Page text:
India were knocked out of the CB series after having suffered a 4-0 whitewash to Australia in the Tests.
New Delhi: Former captain Sunil Gavaskar on Friday came down heavily on the Indian cricket team after the conclusion of its disastrous tour Down Under, saying it was hard to understand the "psyche" of Mahendra Singh Dhoni's men.
"When they get through an achievement like a fifty, hundred or a wicket they snarl, snap and swear but when they drop a catch, they smile... it should be the other way round.
It's very hard to understand the psyche of the Indian cricket team," said Gavaskar.
India's tour of Australia ended today when their hopes of qualifying for the tri-series finals were dashed with Sri Lanka pulling off a nail-biting nine-run victory over the hosts in the last league match in Melbourne.
Prior to the Commonwealth Bank one-day series, India were whitewashed 0-4 in the Test rubber.
Gavaskar said the Indian team did not seem to be hurt enough from the crushing losses they suffered at the hands of Australia.
"There were occasions when it looked like they were not hurt enough. There were a few examples...Ishant Sharma dropped a catch of Michael Clarke off his own bowling and what do you think the reaction was...he was smiling...you don't smile when you drop a catch and Clarke went on to score a triple hundred.
"Umesh Yadav squandered a sharp caught-and-bowled chance in the last Test and the Australian player went on to score a hundred...what was Umesh's reaction...he was smiling. I just don't understand the logic behind smiling. I mean when you smile everybody smiles with you...that was something which was hard to understand.
"The anger, that pent-up frustation from inside...that was missing. I don't think that's the way you want to set an example for young kids watching all the action that whenever you score a hundred, you should be swearing and if you take a wicket you should be abusing. I don't understand it," Gavaskar told a television channel.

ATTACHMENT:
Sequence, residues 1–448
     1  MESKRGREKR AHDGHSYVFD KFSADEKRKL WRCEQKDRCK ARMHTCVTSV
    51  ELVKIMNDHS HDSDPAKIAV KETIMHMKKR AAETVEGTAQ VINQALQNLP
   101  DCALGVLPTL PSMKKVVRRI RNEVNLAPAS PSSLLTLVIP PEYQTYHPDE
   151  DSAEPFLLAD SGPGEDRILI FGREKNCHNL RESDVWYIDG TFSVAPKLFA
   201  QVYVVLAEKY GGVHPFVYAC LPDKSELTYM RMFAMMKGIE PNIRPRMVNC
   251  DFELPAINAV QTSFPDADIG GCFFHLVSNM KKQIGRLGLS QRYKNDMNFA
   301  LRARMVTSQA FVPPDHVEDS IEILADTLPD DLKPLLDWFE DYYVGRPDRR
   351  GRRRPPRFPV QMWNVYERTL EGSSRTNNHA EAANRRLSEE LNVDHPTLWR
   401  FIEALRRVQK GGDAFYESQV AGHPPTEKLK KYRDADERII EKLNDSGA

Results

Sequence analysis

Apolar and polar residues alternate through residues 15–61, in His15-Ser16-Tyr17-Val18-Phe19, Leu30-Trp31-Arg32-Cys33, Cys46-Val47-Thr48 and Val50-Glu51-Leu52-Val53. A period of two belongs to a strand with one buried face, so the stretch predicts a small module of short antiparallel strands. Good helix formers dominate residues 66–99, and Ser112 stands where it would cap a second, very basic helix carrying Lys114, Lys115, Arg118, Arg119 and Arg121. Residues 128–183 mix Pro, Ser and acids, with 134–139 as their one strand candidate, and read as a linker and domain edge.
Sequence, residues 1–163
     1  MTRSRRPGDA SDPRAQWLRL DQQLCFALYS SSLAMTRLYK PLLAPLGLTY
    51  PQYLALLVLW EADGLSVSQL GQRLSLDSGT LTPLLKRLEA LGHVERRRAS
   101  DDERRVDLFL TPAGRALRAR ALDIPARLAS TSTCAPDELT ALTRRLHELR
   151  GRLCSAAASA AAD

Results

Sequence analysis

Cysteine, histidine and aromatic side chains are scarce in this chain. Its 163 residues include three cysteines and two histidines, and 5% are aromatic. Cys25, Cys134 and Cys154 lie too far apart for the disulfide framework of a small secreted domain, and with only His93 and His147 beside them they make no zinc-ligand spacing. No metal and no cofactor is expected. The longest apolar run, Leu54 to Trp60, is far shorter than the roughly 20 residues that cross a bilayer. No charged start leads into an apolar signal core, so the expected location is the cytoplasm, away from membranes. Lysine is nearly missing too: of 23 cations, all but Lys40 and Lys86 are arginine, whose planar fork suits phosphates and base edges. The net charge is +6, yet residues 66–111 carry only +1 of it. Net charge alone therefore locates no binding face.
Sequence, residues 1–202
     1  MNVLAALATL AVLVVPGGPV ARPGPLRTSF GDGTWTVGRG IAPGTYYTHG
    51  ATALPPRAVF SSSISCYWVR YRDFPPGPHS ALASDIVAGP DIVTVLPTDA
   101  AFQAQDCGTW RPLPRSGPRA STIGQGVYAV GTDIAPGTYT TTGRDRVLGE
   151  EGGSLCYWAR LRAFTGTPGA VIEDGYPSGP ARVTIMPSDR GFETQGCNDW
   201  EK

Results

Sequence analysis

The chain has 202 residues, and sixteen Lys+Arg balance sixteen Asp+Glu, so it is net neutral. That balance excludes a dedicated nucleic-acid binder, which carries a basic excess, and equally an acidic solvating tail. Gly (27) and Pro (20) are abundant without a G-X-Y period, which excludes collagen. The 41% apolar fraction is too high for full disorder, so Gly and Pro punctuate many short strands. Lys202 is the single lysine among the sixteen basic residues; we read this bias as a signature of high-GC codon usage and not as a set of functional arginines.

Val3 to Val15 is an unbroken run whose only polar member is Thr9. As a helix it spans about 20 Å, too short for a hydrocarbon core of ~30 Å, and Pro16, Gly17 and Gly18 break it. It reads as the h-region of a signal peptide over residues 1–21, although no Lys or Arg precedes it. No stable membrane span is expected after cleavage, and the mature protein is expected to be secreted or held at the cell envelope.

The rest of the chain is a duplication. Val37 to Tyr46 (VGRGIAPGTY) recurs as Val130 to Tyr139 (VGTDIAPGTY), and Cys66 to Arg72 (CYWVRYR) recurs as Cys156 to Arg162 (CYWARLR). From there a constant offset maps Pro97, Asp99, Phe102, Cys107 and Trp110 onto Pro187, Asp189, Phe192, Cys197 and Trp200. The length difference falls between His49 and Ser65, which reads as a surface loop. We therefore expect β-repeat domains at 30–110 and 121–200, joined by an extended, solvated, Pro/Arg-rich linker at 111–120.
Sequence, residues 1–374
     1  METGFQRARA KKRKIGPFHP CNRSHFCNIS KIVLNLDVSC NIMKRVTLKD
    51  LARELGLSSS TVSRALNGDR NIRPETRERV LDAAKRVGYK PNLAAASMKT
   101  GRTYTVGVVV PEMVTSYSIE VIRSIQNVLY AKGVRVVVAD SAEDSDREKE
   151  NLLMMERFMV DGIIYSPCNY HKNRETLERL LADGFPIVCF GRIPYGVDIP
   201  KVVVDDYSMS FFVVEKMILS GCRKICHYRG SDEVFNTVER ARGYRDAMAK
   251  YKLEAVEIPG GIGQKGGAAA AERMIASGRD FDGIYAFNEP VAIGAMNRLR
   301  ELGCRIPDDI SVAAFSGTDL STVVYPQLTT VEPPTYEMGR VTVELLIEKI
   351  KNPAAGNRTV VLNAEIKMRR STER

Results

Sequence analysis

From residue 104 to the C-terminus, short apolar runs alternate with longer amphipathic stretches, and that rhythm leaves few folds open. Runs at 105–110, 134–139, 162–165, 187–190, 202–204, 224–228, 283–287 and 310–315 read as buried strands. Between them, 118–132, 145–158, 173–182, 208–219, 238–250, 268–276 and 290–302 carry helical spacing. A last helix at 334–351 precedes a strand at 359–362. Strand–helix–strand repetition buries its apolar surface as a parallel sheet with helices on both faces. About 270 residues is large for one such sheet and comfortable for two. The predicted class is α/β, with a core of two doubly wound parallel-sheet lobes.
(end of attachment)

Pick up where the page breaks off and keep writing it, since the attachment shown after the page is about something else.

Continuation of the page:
Gavaskar said the repercussions of this Australian tour would be long-lasting for the team.
"It (repercussion) will be, it actually is going to be long lasting. But if you go by the team selected for the Asia Cup, it does not look like an immediate one. Sometimes you don't want knee-jerk reactions.
"But who knows by the time September comes in when India have an international assignment. You could be in for some changes. Maybe after the Indian Premier League...in the month from June to September when everybody can sit together and look at what is best for Indian cricket. That's probably the time when you will find a few more changes," he said.
Gavaskar also said that it was India's best opportunity to win a Test series in Australia.
"This was India's best chance to try and win a series in Australia. Australia were ruffled, they had been dismissed for 47 in South Africa a month earlier. Then, just 10 days before the start of the first Test against India, they lost to New Zealand.
"So they were in disarray...their top batsmen were not in form and there were question marks against Ponting and Hussey and even Clarke's captaincy. So they were under a lot of pressure from their fans and media. So this was India's best opportunity.
"We had the chance from the first Test in Melbourne itself. You allowed it to slip away. From there on, India were just not able to claw their way back into the series.
Australians were tenacious, they hung in there, they did not give up, that's what India found just a mountain too big to climb for them," he said.